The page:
The pinkylicious challenge is on: Do good with your business (not less bad)!

Unless you already noticed – we’re in the middle of a paradigm shift.

We, similar to many of our fellow (social or regular) entrepreneurs want to be innovative – we want to go where no one else has gone before. We realize that the challenges we stand before are huge, but instead of feeling paralyzed or overwhelmed we see that this is our chance to make a difference.

For a business there’s no challenge or valuable innovation in doing less bad. But doing good all the way opens up a whole new set of emerging possibilities that will lead to a progressive, innovative, and profitable business that integrates social and environmental values in the core.

The role of business is moving away from profit maximization that benefits a few people - shareholders - to assuming responsibility and collaborating with others for the greater good of the community, focusing on the stakeholders.

This paradigm change is good stuff. We’re moving from maximizing profit to seeking profits where it’s reasonable within the earth’s boundaries and also seeking to enhance other values such as environmental protection, equality, youth employment, and eradicating poverty. Just to name a few examplary goodies.

What does this change look like in practice? How can we actually stay within the earth’s boundaries? Here are examples of businesses that lead this change by implementing courageous new business models.

Moving from CSR to doing good as core business CSR (Corporate Social Responsibility) is often something companies do when there’s time and money left. However, what Ben Cohen and Jerry Greenfield, founders of Ben & Jerry’s (one of the largest ice cream businesses in the world), and other progressive companies are doing is to drop CSR and integrate social and environmental responsibility in their core business – for real. The social and environmental cause becomes inseparable from the business idea and business model. Businesses like Ben & Jerry’s are doing this by asking critical questions as they develop their business models and brands: What change do we want to contribute to? What vision do we have of the world, and how can our business work towards that? What challenges do our surrounding communities face? How can we adapt our business model to improve the lives of more people (co-workers, people living in the surrounding area etc.) and work towards a greener planet?

A zero waste society – towards a circular economy The economy today is built on the assumption that we live on a planet with infinite resources. We take, make and waste without considering what will happen with the products after we are finished using them, so-called linear production. One of the most groundbreaking solutions to this is circular economy; the society and the economy are based on closed loop systems. In order to transform towards a circular economy it is required that business, government, and civil society work together to close the loop. A significant question of circular economy is how to keep products in the lifecycle forever. Either through qualities that make the product recyclable into infinity, or that the product can turn into compost at the end of its life. One example of this kind of design process is Cradle to Cradle, developed by the chemist Michael Braungart and designer William McDonough. Companies like Puma, Bonkeli, Matilda Wendelboe and others are starting to produce shoes and clothes that are Cradle to Cradle certified – either all-in or limited to certain product lines.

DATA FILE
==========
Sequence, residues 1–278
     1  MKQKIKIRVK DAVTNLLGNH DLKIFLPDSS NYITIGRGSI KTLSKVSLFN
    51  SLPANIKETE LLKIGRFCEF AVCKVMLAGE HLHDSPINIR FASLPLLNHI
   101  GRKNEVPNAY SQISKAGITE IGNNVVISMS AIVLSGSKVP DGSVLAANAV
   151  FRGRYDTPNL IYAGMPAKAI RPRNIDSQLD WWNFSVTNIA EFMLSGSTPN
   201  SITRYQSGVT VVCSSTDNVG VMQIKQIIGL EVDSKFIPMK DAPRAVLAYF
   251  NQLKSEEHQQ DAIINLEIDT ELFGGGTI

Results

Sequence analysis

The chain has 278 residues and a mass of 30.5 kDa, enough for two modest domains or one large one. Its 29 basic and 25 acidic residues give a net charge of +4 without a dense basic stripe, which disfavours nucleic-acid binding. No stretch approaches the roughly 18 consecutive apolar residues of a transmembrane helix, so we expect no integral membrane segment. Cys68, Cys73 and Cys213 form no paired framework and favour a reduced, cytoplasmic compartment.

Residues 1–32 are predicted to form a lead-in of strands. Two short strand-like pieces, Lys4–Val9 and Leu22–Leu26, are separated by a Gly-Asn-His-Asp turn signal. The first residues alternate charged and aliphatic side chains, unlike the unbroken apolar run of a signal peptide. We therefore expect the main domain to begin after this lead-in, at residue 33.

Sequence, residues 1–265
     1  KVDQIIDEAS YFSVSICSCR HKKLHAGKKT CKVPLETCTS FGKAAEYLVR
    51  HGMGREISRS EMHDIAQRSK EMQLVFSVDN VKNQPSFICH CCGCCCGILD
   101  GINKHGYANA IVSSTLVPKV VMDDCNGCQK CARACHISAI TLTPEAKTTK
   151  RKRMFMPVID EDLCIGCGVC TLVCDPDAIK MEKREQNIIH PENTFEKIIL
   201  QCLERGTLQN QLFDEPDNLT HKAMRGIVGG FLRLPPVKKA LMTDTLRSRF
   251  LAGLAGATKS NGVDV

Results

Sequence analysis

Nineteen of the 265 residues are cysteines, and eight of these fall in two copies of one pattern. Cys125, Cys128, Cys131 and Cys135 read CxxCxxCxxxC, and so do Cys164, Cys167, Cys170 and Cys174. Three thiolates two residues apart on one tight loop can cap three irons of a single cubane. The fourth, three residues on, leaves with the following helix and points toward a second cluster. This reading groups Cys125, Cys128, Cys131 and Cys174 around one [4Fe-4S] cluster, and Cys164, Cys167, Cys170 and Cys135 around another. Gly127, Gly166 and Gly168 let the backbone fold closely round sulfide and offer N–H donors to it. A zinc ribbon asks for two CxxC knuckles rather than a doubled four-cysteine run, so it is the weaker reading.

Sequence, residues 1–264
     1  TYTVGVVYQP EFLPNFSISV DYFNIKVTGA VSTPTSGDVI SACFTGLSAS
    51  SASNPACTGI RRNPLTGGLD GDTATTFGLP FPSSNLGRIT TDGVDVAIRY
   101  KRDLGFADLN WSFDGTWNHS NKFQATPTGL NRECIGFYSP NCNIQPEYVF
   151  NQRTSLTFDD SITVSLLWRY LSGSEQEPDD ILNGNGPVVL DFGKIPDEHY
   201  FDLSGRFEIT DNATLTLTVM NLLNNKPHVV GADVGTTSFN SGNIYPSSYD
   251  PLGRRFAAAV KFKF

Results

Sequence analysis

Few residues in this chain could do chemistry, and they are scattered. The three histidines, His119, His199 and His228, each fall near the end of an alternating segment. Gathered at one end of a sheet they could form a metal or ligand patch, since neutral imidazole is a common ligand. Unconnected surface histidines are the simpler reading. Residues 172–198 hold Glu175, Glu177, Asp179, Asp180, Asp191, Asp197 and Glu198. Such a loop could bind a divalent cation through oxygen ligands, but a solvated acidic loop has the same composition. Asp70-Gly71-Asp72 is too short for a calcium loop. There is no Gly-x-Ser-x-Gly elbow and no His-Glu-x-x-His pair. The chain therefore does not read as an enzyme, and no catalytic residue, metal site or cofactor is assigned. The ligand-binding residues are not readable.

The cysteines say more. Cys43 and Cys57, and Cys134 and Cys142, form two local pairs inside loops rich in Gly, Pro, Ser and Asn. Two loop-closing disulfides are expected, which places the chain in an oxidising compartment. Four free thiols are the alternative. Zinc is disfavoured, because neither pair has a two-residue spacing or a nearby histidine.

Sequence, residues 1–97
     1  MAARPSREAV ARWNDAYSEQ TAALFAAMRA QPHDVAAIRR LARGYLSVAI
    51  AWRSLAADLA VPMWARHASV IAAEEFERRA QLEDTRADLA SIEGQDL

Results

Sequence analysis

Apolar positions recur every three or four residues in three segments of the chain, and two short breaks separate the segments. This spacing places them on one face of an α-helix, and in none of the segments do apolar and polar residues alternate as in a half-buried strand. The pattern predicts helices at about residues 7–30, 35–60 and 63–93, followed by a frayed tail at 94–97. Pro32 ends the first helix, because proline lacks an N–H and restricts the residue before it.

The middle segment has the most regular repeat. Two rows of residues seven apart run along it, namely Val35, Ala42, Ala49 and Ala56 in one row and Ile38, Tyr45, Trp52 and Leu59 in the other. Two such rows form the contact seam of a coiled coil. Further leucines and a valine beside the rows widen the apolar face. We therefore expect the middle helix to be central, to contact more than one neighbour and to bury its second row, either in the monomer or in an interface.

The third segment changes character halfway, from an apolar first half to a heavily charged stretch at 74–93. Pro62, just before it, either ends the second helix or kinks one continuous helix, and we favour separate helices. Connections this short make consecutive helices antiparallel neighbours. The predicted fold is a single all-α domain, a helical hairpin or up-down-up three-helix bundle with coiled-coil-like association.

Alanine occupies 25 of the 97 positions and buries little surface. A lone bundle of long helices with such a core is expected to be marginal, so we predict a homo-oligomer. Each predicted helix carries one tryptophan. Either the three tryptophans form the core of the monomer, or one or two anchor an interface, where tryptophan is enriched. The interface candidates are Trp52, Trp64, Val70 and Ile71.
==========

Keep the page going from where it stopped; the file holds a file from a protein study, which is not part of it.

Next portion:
For more information on circular economy, visit the Ellen McArthur Foundation. Here is a short introduction to the circular economy concept:

Why do less bad, when you can do good all the way? Desso is a big carpet company in the Netherlands that decided to give their business model a total make-over. They went from being plain eco-friendly to doing good all the way (not just less bad!) in all parts of the business. Some examples: they develop Cradle to Cradle products using renewable energy and their carpets clean the air (!) through special design features. By making this leap, Desso went from keeping a steady income to skyrocketing profits.

So what is the role of your business in this paradigm shift? Will you stay ahead or wait for others that are more courageous than you to take the lead? 

We say: The challenge is on!